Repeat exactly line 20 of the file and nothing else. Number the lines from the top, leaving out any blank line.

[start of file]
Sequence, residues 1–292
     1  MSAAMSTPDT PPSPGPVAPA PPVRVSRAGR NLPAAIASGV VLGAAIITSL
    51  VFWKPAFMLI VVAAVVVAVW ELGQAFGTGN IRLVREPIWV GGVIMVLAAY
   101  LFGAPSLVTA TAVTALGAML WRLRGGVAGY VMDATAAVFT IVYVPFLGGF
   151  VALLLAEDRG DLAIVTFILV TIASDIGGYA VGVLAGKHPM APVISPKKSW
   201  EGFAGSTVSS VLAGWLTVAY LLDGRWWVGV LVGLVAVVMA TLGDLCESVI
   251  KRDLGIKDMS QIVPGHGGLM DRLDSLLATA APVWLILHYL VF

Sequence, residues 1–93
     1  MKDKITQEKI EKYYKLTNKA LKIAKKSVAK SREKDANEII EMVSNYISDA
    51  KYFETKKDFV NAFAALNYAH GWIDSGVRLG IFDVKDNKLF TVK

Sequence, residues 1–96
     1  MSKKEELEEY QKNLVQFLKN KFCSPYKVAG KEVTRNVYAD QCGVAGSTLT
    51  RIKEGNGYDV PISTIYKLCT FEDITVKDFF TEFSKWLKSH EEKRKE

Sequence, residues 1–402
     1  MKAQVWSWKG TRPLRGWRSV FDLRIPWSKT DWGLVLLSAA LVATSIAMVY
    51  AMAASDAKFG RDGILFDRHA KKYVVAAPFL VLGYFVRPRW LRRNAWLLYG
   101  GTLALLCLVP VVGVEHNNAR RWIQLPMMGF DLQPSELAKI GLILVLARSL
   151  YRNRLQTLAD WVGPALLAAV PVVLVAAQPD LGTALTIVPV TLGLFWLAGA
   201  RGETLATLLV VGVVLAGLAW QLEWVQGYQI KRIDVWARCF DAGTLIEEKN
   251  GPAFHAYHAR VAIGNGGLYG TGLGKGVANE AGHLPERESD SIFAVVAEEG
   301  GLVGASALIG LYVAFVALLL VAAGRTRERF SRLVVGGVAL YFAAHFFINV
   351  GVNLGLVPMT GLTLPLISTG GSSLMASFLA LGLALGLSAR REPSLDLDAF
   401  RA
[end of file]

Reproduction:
   251  GPAFHAYHAR VAIGNGGLYG TGLGKGVANE AGHLPERESD SIFAVVAEEG